THE OUTFIT: This little number (Orioles orange, please notice!) is from Target and Victoria Beckham. She had a short stint with Target earlier this year, and I saw this piece and loved it. The shoes are Audrey Brooke, and the hat is from Nicole Marciano. Shades by Giorgio Armani Exchange. My apologies for not having a tan. We’ve had some strange weather here in Maryland–it’s still chilly and not summer-like at all! STYLE TIP: One color shade (and also one monotone piece) on the top and bottom can elongate a frame. I’m only 5’1″ and this helps not break the line of color, which in turn, adds length.

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On Saturday night at an Orioles Reunion at Camden Yards in Baltimore a collection of former Orioles front office employees and full-time friends got together (and had a ball). My friend, Michelle, mentioned how much she loved the “Frocktober” fashion thing I did last October. She said she enjoyed it — and so did I. Her comment inspired me and got me thinking that while there are lots and lots of gorgeous photos of women on Instagram in gorgeous clothing, I’m a real girl. I’m not a model, nor will I ever be one. I’m middle-aged, not skinny, and I’ve got curves, but I do possess one thing that I’ve learned over the years as a fashion consultant: I know how to dress my body type. I also love to stay current with fashion and have fun with it.

Some of my very stylish friends and former Orioles front office employees at Camden Yards on Saturday night for a reunion.

Which leads me to this: I’ve decided revamp my blog a little and include a weekly fashion segment for REGULAR WOMEN. You know, keep it real (and with a budget in mind). I’ll be sharing what I wear on Instagram and where I bought the items, and then I’ll do a weekly recap on WEDNESDAYS here on the blog.

As for more restructuring on Steph’s Scribe, on MONDAYS it will be like POTPOURRI, and I will get to write about whatever I want; on FRIDAYS, I’ll continue to feature FICTION FRIDAY and write about all things pertaining to writing.

My husband always tells me that my blog is too vague, that it doesn’t have a set niche. Well, now I’ve got one. I’m structured (he’ll love that, as I tend to be a bit of a creative type and not be too structured).

Fashion, to me, is creative–sort of like writing your own book every day. You get to pick out what you want to wear and make it yours. It’s an outward expression of yourself. The only rules are that (1) you should love the pieces you buy, and (2) you should feel good in them.

That’s it. That’s the blog restructuring for the summer. I hope you will enjoy my new setup.

 

Stephanie Verni is Professor of Business Communication at Stevenson University and is the author of Inn Significant, Baseball Girl, and Beneath the Mimosa Tree. Along with her colleagues Leeanne Bell McManus and Chip Rouse, she is a co-author of Event Planning: Communicating Theory and Practice, published by Kendall-Hunt.

 

The Idea Behind Creating Your Own Work Uniform

Matilda Kahl from Bazaar Magazine’s piece about creating a work uniform. Photo credit: Bazaar Magazine.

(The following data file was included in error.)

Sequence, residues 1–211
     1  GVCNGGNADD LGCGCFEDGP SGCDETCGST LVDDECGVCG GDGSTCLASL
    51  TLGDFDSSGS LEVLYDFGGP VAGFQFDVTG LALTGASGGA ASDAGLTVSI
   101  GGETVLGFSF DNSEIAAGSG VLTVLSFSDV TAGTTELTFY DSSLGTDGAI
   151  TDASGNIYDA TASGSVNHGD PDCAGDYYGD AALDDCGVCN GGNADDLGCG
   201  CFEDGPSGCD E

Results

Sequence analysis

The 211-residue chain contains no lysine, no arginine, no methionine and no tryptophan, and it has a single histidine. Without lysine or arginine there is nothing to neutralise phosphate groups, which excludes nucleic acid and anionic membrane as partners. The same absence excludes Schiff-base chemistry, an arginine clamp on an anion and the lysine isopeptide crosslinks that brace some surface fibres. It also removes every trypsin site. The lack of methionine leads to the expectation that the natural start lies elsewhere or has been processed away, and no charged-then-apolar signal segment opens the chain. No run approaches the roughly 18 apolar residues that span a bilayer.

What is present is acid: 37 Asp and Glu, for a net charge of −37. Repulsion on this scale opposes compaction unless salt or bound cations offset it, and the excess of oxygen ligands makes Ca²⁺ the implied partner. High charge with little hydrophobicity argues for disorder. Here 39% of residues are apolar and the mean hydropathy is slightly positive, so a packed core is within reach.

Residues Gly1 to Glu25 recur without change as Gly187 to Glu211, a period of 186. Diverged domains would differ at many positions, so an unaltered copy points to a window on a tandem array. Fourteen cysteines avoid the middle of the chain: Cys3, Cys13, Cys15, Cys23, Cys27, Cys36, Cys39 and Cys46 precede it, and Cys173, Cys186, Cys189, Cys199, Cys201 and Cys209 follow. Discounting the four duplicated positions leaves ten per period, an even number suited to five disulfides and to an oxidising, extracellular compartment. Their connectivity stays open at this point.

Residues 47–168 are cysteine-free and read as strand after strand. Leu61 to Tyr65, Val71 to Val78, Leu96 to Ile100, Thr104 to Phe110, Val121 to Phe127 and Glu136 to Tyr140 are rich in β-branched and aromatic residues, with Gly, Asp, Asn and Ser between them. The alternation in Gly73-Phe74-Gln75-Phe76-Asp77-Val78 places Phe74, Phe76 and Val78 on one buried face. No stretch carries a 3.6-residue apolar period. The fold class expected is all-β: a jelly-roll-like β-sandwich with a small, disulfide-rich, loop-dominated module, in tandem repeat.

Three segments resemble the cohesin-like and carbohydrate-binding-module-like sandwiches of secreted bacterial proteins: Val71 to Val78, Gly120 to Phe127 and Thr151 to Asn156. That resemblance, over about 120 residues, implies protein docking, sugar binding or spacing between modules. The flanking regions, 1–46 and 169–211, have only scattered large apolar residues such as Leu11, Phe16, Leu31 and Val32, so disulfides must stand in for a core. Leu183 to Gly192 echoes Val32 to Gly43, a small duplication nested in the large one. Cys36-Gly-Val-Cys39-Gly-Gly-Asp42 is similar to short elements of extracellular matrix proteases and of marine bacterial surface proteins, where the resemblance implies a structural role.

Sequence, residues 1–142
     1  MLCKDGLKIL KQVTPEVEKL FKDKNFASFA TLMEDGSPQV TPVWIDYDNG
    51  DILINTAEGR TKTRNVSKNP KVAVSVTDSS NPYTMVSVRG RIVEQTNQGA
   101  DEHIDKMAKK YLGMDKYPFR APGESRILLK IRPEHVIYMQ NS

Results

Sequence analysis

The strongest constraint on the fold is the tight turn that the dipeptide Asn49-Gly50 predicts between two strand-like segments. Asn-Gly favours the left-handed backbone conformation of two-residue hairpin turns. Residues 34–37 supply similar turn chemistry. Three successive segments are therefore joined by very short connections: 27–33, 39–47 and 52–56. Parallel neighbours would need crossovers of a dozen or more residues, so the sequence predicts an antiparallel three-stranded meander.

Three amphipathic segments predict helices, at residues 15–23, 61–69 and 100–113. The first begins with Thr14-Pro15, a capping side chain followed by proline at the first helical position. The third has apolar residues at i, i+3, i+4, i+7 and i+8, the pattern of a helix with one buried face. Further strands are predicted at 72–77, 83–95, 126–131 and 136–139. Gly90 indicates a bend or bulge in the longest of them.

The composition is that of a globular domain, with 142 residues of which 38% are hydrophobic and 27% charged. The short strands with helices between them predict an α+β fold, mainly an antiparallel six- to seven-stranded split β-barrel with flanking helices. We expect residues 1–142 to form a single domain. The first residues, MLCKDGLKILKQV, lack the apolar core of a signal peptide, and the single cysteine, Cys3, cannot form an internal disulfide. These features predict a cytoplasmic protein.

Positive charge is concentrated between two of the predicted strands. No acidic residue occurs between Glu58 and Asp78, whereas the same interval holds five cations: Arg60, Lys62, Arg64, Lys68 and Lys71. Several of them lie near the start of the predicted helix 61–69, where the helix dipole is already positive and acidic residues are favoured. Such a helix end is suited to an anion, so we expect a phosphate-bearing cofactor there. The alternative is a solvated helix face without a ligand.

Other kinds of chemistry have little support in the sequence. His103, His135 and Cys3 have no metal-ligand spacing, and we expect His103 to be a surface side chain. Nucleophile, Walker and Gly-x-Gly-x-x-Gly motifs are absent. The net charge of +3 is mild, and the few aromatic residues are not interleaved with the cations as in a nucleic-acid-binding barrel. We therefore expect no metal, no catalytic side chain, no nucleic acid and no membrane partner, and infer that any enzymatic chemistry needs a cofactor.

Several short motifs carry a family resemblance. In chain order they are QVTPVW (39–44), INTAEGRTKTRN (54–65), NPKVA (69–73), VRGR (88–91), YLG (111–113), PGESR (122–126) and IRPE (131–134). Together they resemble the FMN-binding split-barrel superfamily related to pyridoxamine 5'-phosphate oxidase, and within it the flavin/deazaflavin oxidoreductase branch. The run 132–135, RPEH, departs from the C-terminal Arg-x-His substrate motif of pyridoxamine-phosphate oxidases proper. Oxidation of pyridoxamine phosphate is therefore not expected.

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A couple of years ago, I came across an article in Bazaar Magazine written by Matilda Kahl, an art director for a leading advertising agency located in New York. This article fascinated me for several reasons: (1) because, like her, I consider myself a creative type, (2) because I love fashion and am always trying to figure out ways to build a more successful and professional wardrobe, and (3) because for a short stint, I was a fashion consultant. After reading Matilda’s article about why she decided to establish her own “work uniform,” I was intrigued, and I’ve shared this with every section of my Internship Preparation class each semester. As you can imagine, some lively discussions ensued.

The premise of Matilda’s decision to build a black and white work uniform is based in logic and created for simplicity. By taking the “creativity” out of selecting and creating a fashionable and unique outfit each day for work, Matilda puts that energy to work for her incredibly creative job. Her black and white uniform consists of black bottoms and white or cream-colored tops; she accessorizes with scarves or bows. Additionally, she said she did not skimp on the quality of her clothes; she bought designer clothing and expensive tops and bottoms that she cares for, but the overall idea was that she never has to worry if anything matches or doesn’t work. The simplicity of the way she dresses is always in style.

Look—let’s be real—I don’t know how many of us (a) WANT to do this, or (b) WOULD ENJOY doing this and not get BORED, but it certainly is food for thought. It takes away a lot of stress in the morning when one is rushing out the door for work. And, it does allow room for creative energy to be used elsewhere.

I’ve looked at my own closet—it’s filled with black, that’s for sure. I could surely buy more white tops and make this happen.

Will I? I don’t know. But it sure is an enticing thought.

To read Matilda’s article, click here.

My version of black and white (and a little maroon).

The ever classic black dress. Photo taken outside our office at the NEW Kevin J. Manning Academic Center at Stevenson University.
Stephanie Verni is Professor of Business Communication at Stevenson University and is the author of Inn Significant, Baseball Girl, and Beneath the Mimosa Tree. Along with her colleagues Leeanne Bell McManus and Chip Rouse, she is a co-author of Event Planning: Communicating Theory and Practice, published by Kendall-Hunt.